The Federal Reserve can trigger this large stock sales signal

Wall Street's bears may be ready to return from their hibernation in September and devour the bulls whenever they want if tech stock strategists are right.

The S&P 500 is approaching the often dreaded "double-up" table after defying conventional wisdom on the US-China trade war this month and climbing back to record highs. The S&P 500 index is 3.007 as of Friday, and is a stone's throw from the record high of 3,027 hits on July 26.

A technical double chart chart analysis is seen as a bearish reversal pattern. It is characterized as two consecutive peaks (in this case July 26 and the one approaching) that are almost identical, with a decent sized trough in the middle (late July to late August here).

Should the S&P 500 fail to convincingly ride its final momentum beyond the July 26 highs on a closing basis, the pros will likely see it as buying appetite after going short term. Without another dose of positive news on the trade war front, or from prior quarterly earnings announcements, investors could have a valid reason to dump stocks before fresh tariffs come into effect in mid-October.

Miller Tobacco strategist Matt Maley points to the significant double-top formation on the S&P 500 in 2000, 2007, 2011 and 2015, all followed by significant market corrections.

"Double peaks are very important in technical analysis … and even if they don't It often happens, they are usually very compelling," says Maley.

Those looking for the catalyst for a double peak, bearish reversal, should look straight at the Federal Reserve.

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It is widely expected that on September 18, the Federal Reserve will have cut interest rates by another 25 basis points. play of recent lucrative readership on industry, a declining labor market in the US and ongoing trade risk as a basis for the interest rate cut.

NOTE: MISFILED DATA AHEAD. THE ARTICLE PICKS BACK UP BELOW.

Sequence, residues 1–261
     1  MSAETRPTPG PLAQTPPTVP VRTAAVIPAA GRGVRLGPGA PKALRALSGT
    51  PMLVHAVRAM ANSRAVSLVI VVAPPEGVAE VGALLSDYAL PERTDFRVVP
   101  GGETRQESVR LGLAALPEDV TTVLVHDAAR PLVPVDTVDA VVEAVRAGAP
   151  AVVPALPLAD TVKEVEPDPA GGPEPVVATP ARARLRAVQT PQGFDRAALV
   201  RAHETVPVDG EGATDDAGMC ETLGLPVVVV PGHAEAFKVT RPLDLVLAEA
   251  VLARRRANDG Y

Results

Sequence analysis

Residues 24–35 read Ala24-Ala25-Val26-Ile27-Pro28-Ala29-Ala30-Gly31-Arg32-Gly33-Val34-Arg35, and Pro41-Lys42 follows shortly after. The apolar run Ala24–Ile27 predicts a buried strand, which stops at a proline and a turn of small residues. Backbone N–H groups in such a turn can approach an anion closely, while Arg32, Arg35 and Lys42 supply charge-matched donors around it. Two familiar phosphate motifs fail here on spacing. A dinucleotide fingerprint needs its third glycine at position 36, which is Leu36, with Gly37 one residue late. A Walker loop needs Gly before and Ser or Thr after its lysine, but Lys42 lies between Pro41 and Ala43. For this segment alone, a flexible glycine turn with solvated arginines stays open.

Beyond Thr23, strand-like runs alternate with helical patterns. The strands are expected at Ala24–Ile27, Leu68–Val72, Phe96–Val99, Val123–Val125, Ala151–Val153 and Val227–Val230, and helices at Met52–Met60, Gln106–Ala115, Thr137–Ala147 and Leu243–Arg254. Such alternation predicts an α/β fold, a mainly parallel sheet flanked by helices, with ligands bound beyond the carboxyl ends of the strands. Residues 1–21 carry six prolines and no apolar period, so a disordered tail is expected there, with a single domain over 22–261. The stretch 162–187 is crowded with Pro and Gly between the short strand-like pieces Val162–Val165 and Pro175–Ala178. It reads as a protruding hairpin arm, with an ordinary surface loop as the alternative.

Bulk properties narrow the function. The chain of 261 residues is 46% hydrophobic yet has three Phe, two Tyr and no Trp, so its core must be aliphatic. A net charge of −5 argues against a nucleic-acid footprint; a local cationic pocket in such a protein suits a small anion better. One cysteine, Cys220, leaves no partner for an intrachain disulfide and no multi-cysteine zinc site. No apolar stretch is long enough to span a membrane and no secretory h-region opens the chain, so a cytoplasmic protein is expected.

But the wildcard of the day according to those on Wall Street will be the Fed's updated dot plot. The dot plot is used to signal where they in the Fed see interest rates which is on the way in future years.

When that regarding this meeting, it is unclear if enough Fed members will plan a path for lower interest rates. If this happens, it could be the signal for the bears to come back – remember that the market's algae loves to cut interest rates perhaps more than President Donald Trump.

Federal Reserve Leader Jerome Powell presents Monetary Policy Report to Senate Banking Committee, July 11, 2019, on Capitol Hill in Washington. (AP Photo / Jacquelyn Martin)

“We expect the dot plot to show further movement down the dots, if nothing else to reflect the interest rate cut in July. But the average can't move strong enough to meet market expectations, and the media is unlikely to show another 50 basis points in cuts by the end of the year, says Morgan Stanley economist Ellen Zentner.

Goldman Sachs is also not convinced that the Fed's dot plot will be of the extra virtuous variety the markets want.

Notes Goldman Sachs strategist Jan Hatzius, “We expect the bullet plot to show that a significant minority, about six participants likely including the chairman and vice president, Chairman, expect a third cut later this year. We believe such an outcome would give a strong signal of a third cut and would not be taken as particularly hawkish by investors, although the median tipping would not show further relief. ”

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Technical stock analysis is not hocus-pocus. Studying key chart formations is a great way to measure sentiment in the market and if it signals potential bullish or bearish moves.

In this last case you have to respect the double app, especially after the rather against the grain rally we have seen in stocks this month. Stock prices are currently reflecting increasing hopes for trade negotiations with China, even though they have not changed much at all. The markets are also continuing to bake at a steady rate of interest rate cuts by the Fed.

The collective optimism could easily be beaten by investors with a Trump tweet … or one less than dovish Fed meeting.

<p class = "canvas-atom canvas-text Mb (1.0em) Mb (0) – sm Mt (0.8em) – sm" type = "text" content = " Brian Sozzi is editor and co-anchor to The First Trade at Yahoo Finance Follow him on Twitter @BrianSozzi "data-reactid =" 53 "> Brian Sozzi is the editor and co-anchor of The First Trade at Yahoo Finance. Follow him on Twitter @BrianSozzi

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